Sorry to read the Community Development Foundation (CDF) will close later in 2016. The news snuck out mid-December lost amidst a flurry of tinsel. It’s demise is a blow for the community sector.
The CDF has its roots in Harold Wilson’s Community Development Projects (CDP) of the 60’s and 70’s. A government funded community programme, the CDP’s galvanised neighbourhoods, while it’s community workers went native, radically critiquing the state for allowing the collapse of industry and manufacturing. Something along the lines of “If people have their jobs taken, community work is no substitute for employment and justice!”
CDP’s became the ‘Community Projects Foundation’ and eventually the CDF – a public body, publicly funded.
The irony of a state funded organisation working to support independent grassroots community work was not lost on everyone. CDF had its critics, concerned ‘community development’ with all its potential for empowering radical grassroots change, was being commandeered and diluted by government. By the 90’s CDF operated alongside a bunch of alternative independent agencies, each active in supporting different aspects of community development and its paid and unpaid workers.
CDF’s closure follows Urban Forum and Community Development Exchange (CDX) – both supporting distinctive aspects of independent, grassroots community work. Each noted withdrawal of government funding as a factor in their demise.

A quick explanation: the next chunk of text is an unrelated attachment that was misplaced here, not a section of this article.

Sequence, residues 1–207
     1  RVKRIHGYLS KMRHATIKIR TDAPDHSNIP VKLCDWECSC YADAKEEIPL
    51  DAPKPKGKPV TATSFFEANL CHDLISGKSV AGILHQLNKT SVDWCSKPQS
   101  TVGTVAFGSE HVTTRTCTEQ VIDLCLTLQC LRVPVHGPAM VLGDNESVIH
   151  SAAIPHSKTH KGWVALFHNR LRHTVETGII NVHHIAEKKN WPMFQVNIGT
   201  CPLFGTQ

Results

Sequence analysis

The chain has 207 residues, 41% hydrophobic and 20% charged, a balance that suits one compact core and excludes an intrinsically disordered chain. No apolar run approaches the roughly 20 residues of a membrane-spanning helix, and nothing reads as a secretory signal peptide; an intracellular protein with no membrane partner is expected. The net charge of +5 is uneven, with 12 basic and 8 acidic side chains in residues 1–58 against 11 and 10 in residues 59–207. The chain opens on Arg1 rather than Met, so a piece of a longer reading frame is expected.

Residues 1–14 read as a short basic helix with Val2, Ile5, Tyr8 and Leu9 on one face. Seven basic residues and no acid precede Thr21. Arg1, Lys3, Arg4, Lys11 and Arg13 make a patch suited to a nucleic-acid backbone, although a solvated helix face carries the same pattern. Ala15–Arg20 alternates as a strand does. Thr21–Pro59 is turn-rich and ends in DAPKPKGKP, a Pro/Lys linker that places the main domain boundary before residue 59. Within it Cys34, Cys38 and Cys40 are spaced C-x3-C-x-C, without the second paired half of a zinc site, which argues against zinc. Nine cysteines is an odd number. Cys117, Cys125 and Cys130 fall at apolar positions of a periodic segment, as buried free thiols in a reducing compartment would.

Maybe in a world of community organising, social enterprise, competitive tendering and commissioning, CDF struggled to find its place. Yet CDF’s closure is a loss to the community sector.
Badly eroded from 2010, CDF had a unique connection to government and once, a seat at the table. This at least provided government with a formal mechanism to engage with and fund community development work. With its closure any trace of this is now lost with little opportunity for remaining national community organisations to fill the gap.
The context for national organisations (Locality, Community Matters etc) to nurture collaboration, assert the importance of independent grassroots community work and lobby for funding is vanishing. The work is a huge challenge for a sector under siege, already diminished by an exit of government funding, independence eroded by the impact of new funding regimes and increased competition. And any place around the government table has gone.
Community organisation locally and nationally are overstretched and under resourced. The temptation to secure funding at any price is overwhelming – even if it means staying silent when the community you work in is being decimated by cuts, closures, welfare reform and low pay. ‘Take the money and deliver a service!’ Yet a few of these organisations buck the trend, continuing to secure funding, find new ways to operate effectively while amplifying the voices of those most marginalised.
The closure of CDF throws down the gauntlet to Locality, Community Matters and others to promote effective community development, working for social justice on the margins, and to work harder with policy makers and the state – not letting government off the hook!